ReviewReviewReviewReviewReview

Author: J. Barry Griswell and Bob Jennings

An Unconventional Guide to Achieving Uncommon Business Success

the-adversity-paradox

The Adversity Paradox is a fantastic business book.  It looks at how obstacles and setbacks in life (adversity) can create the experience a person needs to overcome such challenges and development themselves to improve their circumstances and prepare themselves to be better equipped in the future.  It’s a book with stories and a close examination of what are the main contributors to people overcoming tough circumstances in life to be successful.  It specific looks at this paradox of how great challenge and some times suffering can lead to so many later great things.  There are a number of factors in those challenges that if handled well allow a person to overcome it and turn things around.  This of course is not something that happens to everyone, but those that do overcome the paradox seem to have a lot of similarities and understanding them and learning from them allow each of us to better prepare for adversity and to achieve more.

Business Savvy

The book first looks at the term business savvy and explains it as those who understand how to do well in business, consistently achieve their business goals and to be proficient in the realm of business.  This is something you develop through practice and experience and there are a number of core competencies of a business savvy profile:

  • Systems and linear thinking: Big picture perspective with ability to execute smaller consecutive tasks
  • Continuous thinking: Having forward or visionary skills to steer and react quickly to future events
  • Synthesizing: Able to turn data into meaningful and useful information
  • Knowing what you don’t know: Seeing gaps, working to fill them through learning and through the help of others
  • Communication: Solid skills to communicate at all levels
  • Empathy: To recognize and understand the thoughts and feelings of others

“And Then Some”

Throughout the book the stories are shown to have each of the characters practicing an over arching theme where no matter what is expected, no matter what the circumstances and no matter how difficult something is, you should always work to go above and beyond which is described and doing the task or job “and them some”.  Always that little bit more.  Each of the characters practiced the idea of “and them some” and it continually payed off, not immediately, but eventually, it always payed off.  This is big contributor to overcoming these challenges.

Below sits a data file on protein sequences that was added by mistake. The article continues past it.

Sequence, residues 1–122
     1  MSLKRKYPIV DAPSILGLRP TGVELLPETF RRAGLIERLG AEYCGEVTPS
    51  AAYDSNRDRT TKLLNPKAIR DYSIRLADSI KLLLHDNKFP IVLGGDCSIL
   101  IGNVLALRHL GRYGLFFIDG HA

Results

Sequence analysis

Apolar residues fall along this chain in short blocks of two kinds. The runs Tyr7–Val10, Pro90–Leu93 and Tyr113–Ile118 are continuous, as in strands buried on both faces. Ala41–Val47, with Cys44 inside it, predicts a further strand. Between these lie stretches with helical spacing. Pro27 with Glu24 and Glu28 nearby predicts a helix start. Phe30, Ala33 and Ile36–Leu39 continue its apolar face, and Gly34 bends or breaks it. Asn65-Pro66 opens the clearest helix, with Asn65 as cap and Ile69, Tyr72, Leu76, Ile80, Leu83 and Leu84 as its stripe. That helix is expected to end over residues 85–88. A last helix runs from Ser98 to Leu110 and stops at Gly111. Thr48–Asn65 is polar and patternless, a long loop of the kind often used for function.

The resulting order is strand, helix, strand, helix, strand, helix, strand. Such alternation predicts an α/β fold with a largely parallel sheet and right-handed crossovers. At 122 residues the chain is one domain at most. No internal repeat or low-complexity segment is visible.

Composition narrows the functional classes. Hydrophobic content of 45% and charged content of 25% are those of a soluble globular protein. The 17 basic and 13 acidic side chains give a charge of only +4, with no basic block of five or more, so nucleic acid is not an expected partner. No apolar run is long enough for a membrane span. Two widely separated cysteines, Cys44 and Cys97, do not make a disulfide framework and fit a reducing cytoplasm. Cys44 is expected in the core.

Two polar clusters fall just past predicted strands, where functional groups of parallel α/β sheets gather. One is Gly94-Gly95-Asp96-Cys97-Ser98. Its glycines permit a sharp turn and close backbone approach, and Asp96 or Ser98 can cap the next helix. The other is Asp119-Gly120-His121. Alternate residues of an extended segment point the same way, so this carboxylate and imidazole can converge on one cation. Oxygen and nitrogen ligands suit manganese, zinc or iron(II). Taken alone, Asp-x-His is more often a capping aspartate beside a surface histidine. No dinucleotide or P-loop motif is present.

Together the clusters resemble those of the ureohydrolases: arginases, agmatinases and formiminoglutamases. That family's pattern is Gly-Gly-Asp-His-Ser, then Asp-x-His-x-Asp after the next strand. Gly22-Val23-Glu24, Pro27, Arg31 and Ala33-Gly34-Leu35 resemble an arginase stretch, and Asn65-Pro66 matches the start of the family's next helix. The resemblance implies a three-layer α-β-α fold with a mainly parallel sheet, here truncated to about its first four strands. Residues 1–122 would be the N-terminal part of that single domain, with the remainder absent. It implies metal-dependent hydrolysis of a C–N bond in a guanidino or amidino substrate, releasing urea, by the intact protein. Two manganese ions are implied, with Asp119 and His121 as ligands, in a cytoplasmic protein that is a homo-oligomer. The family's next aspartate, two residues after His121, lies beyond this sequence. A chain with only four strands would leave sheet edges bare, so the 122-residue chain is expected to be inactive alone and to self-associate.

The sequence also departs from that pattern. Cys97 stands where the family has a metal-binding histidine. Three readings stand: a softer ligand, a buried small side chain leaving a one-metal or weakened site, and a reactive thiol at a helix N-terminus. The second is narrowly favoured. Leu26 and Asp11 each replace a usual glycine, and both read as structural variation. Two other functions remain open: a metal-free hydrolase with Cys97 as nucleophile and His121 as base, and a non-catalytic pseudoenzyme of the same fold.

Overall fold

This concept is put forth as a universal one where you can practice “and them some” in anything you do, which I personally think is a great message on its own in the book with or without the paradox of adversity.  If you gain anything from the book at all then I hope it is this concept since it is so simple yet so effective. I can’t stress enough how powerfully this is portrayed in the book and the chapter on “and them some” is easily worth the price of the book alone and I’ve already gone back several times to re-read pieces as it truly is brilliant!

Next, this chapter expands to look at the concept of “and them some” in a general sense of self improvement and outlines in text and pictures two main steps.

The first step, that any adversity has two options:

  1. Wallowing and pessimism
  2. Acceptance and analysis

It takes a step to progress from 1 to 2 and this is the key to overcoming adversity.  Move from 1 to 2 quickly and then get into the next main step of the self improvement process.

The second step requires using introspection (more on that below) to look specifically at the other human capital components to identify what can be done to better oneself.

Human Capital

1. Introspection

This is the practice of observing and evaluating oneself to assess your personality, goals, performance, ideas, capabilities, strengths and weaknesses.  This skills collides with our egos and so an honest assessment is very difficult and this skill takes time to hone.  One cannot truly assess the other human capital components until this skill develops.  However, it must be conducted with the help of what the authors call, “mirrors” or other people who can honestly provide feedback about our character and human capital components.  This understanding helps us grow and realize what we need to change to direct our efforts to improve ourselves.

2. Values